Media Molecule has already launched its long-expected Dreams game. What it is, for whom it is primarily intended, and what the studio plans next, you can find in our interview.
We prepared an interview with Media Molecule Feedback Manager Alex Perry. In the interview we asked, for example, what is the primary target group, whether it is based on the LittleBigPlanet series, what players creations surprised them the most, but also what are their plans for the future.
We heard about Dreams for the first time at PlayStation 4 event back in 2013. But the current generation has had the last months at the top of the pyramid - what did you go through as a studio in seven years? Also in connection with your upcoming game.
We did have to shift the studio to fit what we were making – for example, our amazing tutorials team, which we didn’t have previously. Everyone has had to get comfortable creating and developing tools alongside content, and what’s really cool about that is people learning new skills outside their traditional discipline, as Dreams combines so many aspects of creation into one space.
I assume that with LittleBigPlanet you found out that the community could be really creative. This could be one of the main impulses for creating Dreams. So where was the original idea born? Did it really come out of the LittleBigPlanet series?
Our community is so creative and in some ways, Dreams was born of the play, create, share mantra of LittleBigPlanet, but it also represented the studio wanting to do something more ambitious, more create focussed and with a scope beyond level design – actually allowing players to make animated shorts, interactive audio visual creations, and art styles that reflect their own individuality.
Is Dreams a game that wants to reach the masses with its uniqueness, or rather target a specific audience of players?
That’s a hard question to answer – it’s both really. Creativity can come from anyone so we want to reach people who are inclined to engage with Dreams, but I don’t think that’s a limited group. I look at my own journey with the game, I never thought I was going to be creating content, really, but I go home and I get sucked into making things, experimenting and tinkering for hours. I think anyone can enjoy that. I really
love hearing about parents in Dreams making games with their kids, couples making games together and friendships that have formed across continents with people collaborating.
Many may not know that Dreams also includes an offline campaign, can you tell us more about it?
So, our first piece of narrative content for Dreams is called Art’s Dream. It features Art, a kind of washed up jazz musician, and his journey to reunite with his former band who he’s really screwed things up with. Part of the goal with Art’s Dream was to show the high end of the Dreams tools set, what can be achieved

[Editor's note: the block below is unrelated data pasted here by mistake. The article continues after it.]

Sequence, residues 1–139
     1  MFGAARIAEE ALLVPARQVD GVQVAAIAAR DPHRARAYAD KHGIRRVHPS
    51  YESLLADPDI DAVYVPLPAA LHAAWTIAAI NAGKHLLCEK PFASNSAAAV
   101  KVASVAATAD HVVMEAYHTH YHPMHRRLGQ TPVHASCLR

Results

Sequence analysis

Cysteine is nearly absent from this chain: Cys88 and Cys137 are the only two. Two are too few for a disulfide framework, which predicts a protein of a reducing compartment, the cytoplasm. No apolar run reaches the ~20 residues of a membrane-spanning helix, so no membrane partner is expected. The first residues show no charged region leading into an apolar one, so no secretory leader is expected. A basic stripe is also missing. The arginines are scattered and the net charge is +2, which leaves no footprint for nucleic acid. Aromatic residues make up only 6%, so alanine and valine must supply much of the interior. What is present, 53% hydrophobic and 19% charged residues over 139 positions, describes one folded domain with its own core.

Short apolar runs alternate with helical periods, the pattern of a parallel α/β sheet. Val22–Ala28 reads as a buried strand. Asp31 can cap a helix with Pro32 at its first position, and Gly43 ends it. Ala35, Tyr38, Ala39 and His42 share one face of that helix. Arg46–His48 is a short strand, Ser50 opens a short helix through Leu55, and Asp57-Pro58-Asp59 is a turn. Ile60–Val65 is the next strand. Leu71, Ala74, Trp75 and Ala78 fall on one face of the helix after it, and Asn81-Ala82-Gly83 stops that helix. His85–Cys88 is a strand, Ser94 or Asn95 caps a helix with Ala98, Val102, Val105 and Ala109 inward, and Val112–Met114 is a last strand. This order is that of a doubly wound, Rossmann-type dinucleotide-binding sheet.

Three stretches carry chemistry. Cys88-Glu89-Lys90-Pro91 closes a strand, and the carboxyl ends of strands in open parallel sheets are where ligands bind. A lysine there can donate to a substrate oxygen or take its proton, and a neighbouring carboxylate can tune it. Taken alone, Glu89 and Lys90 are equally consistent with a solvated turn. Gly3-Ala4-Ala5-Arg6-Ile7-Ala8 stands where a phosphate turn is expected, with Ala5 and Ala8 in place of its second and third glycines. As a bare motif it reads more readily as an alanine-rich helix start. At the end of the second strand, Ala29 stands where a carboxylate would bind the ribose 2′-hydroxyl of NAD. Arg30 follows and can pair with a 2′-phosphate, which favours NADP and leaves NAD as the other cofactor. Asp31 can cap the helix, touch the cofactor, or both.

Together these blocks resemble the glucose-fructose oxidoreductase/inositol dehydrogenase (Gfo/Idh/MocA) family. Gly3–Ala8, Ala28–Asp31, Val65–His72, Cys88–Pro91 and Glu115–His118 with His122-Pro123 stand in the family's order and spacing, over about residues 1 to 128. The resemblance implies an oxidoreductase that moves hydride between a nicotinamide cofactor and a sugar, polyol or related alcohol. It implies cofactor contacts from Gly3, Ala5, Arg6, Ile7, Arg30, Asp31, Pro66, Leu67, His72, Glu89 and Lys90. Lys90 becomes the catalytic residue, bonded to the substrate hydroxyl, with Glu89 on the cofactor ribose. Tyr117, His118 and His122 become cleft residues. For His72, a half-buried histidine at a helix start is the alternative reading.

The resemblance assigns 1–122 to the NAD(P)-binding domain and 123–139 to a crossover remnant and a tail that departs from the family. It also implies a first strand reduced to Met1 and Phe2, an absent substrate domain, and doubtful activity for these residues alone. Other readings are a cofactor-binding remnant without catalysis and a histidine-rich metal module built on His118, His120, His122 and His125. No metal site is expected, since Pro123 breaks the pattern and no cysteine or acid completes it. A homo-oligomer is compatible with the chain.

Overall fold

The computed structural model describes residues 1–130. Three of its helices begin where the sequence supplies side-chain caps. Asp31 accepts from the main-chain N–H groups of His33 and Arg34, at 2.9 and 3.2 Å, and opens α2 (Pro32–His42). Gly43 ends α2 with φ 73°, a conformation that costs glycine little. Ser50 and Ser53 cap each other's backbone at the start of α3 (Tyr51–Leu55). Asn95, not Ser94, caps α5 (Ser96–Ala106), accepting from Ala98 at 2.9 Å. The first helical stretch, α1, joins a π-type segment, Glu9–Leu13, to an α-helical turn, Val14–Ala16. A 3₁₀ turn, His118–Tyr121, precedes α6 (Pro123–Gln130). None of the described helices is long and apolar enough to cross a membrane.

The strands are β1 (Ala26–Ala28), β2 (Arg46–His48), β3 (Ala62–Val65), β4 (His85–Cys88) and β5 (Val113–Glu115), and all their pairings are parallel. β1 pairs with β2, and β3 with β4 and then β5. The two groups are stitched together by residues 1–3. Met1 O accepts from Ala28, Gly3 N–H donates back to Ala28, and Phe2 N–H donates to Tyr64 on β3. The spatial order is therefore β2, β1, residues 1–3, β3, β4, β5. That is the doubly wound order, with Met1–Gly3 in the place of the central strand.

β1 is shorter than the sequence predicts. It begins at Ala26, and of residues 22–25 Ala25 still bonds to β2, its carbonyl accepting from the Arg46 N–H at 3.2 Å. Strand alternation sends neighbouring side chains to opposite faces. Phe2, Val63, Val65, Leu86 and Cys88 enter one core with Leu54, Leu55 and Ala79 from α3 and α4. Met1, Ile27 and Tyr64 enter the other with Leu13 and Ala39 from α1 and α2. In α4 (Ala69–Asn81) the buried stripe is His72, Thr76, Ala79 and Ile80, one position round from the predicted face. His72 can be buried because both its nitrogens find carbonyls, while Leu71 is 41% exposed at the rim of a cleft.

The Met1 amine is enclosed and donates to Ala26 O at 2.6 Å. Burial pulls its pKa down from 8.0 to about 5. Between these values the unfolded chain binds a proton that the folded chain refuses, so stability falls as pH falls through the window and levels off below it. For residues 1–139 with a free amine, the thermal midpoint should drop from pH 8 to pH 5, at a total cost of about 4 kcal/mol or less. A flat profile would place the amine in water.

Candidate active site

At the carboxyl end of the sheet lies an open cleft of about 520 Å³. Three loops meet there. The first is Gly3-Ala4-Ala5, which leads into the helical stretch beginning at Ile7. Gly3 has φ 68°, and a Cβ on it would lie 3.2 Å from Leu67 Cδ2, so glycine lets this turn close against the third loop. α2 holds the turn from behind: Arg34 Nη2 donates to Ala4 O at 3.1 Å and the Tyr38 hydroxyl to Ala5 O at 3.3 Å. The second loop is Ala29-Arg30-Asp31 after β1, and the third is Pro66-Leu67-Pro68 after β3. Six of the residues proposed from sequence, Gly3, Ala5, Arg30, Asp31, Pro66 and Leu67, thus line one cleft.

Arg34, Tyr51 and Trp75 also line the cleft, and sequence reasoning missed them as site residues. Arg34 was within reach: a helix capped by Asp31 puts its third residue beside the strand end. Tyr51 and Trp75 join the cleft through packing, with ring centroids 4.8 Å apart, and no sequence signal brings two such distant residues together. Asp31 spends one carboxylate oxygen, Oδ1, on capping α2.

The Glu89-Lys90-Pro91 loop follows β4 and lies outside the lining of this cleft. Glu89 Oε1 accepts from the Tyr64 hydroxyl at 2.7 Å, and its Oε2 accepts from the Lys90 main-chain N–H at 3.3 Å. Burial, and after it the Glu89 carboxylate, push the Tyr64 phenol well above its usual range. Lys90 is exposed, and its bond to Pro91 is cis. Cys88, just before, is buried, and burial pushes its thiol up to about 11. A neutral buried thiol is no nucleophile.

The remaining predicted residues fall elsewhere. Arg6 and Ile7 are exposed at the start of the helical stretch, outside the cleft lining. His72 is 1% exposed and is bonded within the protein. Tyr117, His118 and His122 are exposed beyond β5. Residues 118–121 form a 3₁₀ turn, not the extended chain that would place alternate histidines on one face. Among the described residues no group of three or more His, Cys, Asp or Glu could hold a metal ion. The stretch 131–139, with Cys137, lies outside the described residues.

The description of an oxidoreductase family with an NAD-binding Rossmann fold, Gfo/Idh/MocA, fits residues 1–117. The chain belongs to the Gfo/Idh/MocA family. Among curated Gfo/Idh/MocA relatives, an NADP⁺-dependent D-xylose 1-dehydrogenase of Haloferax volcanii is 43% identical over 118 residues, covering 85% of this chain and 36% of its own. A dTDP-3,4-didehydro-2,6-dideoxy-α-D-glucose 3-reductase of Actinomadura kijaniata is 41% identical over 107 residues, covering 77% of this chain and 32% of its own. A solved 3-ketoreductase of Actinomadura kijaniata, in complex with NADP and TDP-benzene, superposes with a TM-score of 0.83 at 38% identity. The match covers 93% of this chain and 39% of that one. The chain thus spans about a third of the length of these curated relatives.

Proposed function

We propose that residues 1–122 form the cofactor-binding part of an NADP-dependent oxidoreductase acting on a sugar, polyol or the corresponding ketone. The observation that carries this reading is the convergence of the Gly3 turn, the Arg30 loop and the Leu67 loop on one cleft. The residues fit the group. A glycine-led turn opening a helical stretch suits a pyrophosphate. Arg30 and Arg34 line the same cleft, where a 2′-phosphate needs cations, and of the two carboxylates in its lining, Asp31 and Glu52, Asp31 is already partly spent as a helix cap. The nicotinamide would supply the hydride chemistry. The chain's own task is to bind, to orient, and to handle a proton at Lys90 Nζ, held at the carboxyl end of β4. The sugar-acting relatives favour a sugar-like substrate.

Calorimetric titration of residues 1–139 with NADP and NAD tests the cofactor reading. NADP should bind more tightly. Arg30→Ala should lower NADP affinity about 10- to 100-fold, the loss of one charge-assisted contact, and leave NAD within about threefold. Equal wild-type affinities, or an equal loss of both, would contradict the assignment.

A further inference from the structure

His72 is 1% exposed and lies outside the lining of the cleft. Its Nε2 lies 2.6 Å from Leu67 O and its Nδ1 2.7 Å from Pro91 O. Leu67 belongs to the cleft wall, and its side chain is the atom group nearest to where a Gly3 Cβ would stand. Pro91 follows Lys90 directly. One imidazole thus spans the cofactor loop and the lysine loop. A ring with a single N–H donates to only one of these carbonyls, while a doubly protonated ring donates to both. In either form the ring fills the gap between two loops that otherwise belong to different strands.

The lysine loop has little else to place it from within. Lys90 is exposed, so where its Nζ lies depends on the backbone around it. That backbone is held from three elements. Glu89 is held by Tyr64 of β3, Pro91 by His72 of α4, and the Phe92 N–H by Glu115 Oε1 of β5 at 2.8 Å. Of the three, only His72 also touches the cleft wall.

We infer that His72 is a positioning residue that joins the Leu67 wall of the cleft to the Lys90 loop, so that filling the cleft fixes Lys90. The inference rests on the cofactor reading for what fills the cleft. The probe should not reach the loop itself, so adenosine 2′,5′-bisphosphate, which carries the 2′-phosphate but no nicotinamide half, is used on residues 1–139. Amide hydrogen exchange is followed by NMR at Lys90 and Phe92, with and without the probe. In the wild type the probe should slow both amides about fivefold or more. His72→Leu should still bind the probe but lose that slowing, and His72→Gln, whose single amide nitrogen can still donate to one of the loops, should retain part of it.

in art, animation, music and more.
What were the most surprising creations in the early access or beta? Players created something that surprised you that much, that you really said: "Is this really possible to create in our game?"
There was one, “The Gate” which I remember our coders standing around scratching their heads at and now there are frequently creations that astound us. I mean, we couldn’t possibly consider everything that could be done with the tools – I get excited thinking about what community will do in a year but I might be just as surprised next week.
Dreams offers really complex tools, do you already have any other ideas for improvement?
I think Early Access showed how committed we are to tweaking, improving and adding content to Dreams. We had a good base of templates, mini-games, art kits and tutorials for launch and we’ll continue to keep adding things to help our players and teach them even more about what Dreams is capable of.
Recently there has been informations on the Internet that in the future, games created in Dreams could be exported as self-executing applications, and players could also release their creations themselves. How do you approach this idea today?
It’s still a consideration, but we have to see what happens, where the demand is and make sure we don’t break the creative ecosystem of our own game.
Since the next generation will come later this year, will Dreams be available also on PlayStation 5?
We’re only discussing PS4 currently, sorry!
What about your next steps? In addition to focusing on further improving Dreams, you’ve already started working on new project? Maybe return to LittleBigPlanet?
Well, VR support for Dreams is next. To us, everything is about Dreams – it’s where we’ll keep creating content, continue to add cool stuff and working on things to support our community. I can’t wait to see where it takes us.